Famous writer Alexander is very ill and has little time left to live. He meets a little boy on the street, who is an illegal immigrant from Albania, and goes on a journey with him to take the boy home (from a synopsis in IMDb)… On one of the special sessions of the weekly IASR seminar, we got together to watch the film Eternity and a Day (1998) by the Greek director Theodoros Angelopoulos. The idea was to provide a platform, on the one hand, for some reflections on Greece, and on the other hand, for interdisciplinary discussion on whichever universal themes come to the fore in the film.
Theodoros Angelopoulos’s Cannes winner Eternity and a Day (1998) is a film allowing us to revisit Greece, its myths, beauty and the complicated present — or the present such as it was experienced in the 1990s. Absorbing streams of illegal immigrants from the Balkans, fighting a depression to have been but one among many to have struck Greece, Angelopoulos’s enigmatic work depicts a country right before the turn of the Millennium, searching for its identity through poetic means, with some help from classical Greek literature. At the same time, this is a meditative and minimalistic addition to the tradition of European art films, whereby Eternity and a Day can be seen to engage universal themes of human existence.
On a shared viewing, we found that Eternity and a Day is a film about being an outsider, not only in relation to others but also within one’s own life and one’s own vocation. The protagonist of the film is an aging poet, Alexander (Bruno Ganz) who seems to struggle to find meaning in his own poetry, which for the most remains unfinished. He’s working on a poem “The Free Besieged” by a Greek poet from the 19th century, which suggests an allusion to Dionysios Solomos (1798–1857), the Greek national poet. Alexander, indeed, turns out to be a doppelgänger of Dionysios, since he mourns— in line with the historical fate of Solomos — having been estranged in his own language. (Dionysios spent large parts of his life in Italy and also wrpte poetry in Italian, alongside Greek, and he never finished his key poems, including “The Free Besieged”, which deals with the Greek War of Independence.)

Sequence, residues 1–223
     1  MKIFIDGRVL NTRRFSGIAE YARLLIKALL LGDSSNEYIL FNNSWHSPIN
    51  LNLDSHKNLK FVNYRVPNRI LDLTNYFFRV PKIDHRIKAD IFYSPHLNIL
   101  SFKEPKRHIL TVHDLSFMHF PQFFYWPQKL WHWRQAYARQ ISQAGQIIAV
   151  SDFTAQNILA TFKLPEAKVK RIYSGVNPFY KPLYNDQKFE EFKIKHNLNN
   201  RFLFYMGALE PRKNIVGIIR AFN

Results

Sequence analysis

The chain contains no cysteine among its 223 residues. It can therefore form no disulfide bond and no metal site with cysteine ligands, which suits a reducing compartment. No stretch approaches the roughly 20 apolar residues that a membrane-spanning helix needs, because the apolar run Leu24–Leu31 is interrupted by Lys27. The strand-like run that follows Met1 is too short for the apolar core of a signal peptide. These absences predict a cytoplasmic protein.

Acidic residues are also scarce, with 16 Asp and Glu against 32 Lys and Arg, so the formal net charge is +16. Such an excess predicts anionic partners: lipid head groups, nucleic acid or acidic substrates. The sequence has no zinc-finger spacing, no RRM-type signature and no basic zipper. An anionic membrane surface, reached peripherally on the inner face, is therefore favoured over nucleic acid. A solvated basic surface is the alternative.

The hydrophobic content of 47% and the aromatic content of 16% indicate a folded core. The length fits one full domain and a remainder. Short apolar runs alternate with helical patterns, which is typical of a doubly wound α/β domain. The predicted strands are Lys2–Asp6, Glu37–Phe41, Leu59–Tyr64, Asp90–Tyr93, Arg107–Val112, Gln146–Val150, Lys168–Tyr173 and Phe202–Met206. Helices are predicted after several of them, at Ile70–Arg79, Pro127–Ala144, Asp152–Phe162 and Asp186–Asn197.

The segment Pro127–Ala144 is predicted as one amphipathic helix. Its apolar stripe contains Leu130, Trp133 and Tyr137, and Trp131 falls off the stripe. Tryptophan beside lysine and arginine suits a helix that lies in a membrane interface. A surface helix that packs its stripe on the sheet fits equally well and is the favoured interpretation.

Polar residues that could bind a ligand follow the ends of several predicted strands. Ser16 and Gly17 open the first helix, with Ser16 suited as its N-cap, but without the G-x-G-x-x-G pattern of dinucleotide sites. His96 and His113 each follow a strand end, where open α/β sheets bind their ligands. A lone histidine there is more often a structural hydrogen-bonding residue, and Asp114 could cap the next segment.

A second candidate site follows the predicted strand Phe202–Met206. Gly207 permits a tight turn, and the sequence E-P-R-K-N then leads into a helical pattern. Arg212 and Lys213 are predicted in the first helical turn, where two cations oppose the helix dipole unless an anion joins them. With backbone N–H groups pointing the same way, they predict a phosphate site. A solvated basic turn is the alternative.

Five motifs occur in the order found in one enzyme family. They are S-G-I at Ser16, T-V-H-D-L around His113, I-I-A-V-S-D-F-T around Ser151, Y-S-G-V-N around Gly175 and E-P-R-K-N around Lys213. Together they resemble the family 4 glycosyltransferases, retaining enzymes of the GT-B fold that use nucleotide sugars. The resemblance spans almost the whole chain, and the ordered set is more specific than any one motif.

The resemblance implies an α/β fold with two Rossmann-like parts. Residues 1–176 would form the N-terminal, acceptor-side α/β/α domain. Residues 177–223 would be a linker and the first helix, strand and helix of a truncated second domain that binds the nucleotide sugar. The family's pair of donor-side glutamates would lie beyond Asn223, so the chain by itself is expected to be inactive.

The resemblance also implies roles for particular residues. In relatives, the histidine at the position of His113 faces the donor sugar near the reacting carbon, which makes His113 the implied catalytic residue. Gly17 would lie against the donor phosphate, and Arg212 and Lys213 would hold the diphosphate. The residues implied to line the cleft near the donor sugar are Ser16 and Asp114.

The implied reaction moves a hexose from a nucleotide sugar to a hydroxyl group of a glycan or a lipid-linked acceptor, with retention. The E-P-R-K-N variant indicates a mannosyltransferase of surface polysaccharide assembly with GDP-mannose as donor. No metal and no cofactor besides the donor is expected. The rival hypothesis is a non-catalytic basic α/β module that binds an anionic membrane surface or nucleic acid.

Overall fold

In a minimalistic movie such as Eternity and a Day everything happens slowly and gradually, so little details and nuances are of foremost importance. Take, for example, the two scenes where (illegal) immigrants climb on high fences; the first one takes place at the border between Greece and Albania; the second one occurs when Alexander’s daughter is celebrating her wedding. On both occasions, groups of immigrants climb on the fences, in order to see better to the other side. But on neither occasion do the climbers reach across the fence; the foreigners are barred, as it were, from full participation in what’s taking place on the other side.
Speaking of doublings, it may be noted how mirroring relationships in the film are not confined to doppelgängers or reoccurring scenes, but extend themselves into dialogue and dramaturgic detail. As one of our fellows, Jukka Tyrkkö eruditely observed, Alexander gains initial contact with the unnamed immigrant boy by offering him a sandwich, after what seems like the boy’s desperate attempt to run away following his unwillingness to return for Albania. Following this scene, it is the boy, in turn, who asks whether Alexander has had anything to eat — and the doubling becomes a tripling, when Alexander, a couple of scenes later leaves his dog to the housemaid Urania saying that the dog is hungry. Thus are chains of reciprocal recognition created…
On a psychological level, Eternity and Day is a film about dreaming and remembering: its memories are woven from the fabric of Alexander’s life, while its dreams reach to the imagination of the Albanian boy. In the beginning of the film, the little boy has no past to recall — at least he has hardly any expression on his face. As his relationship with Alexander deepens, however, both of them regain the ability to mourn, and the Albanian grieves the death of his friend Selim. Moreover, when the unlikely friends separate from each other at the end of the film, a ship sails away from the port — carrying onboard the boy who’s been taught by Alexander to dream of seeing seaports on his journey.
Following Theodor W. Adorno, it is memory that is needed for us — both as human beings and as a nation — to come to ourselves, and without memory, indeed, we fall to melancholia and never begin the proper grieving work. This idea seems to fit the texture of Eternity and a Day as well, for it is the memories that bring both the protagonist and his juvenile friend to life. With the film’s tint of melancholic existentialism, however, is mixed a Mediterranean element of joy and friendship (as Risto Heiskala noted in good spirit), without which Alexander’s and the Albanian boy’s intimate relationship would perhaps never come into being.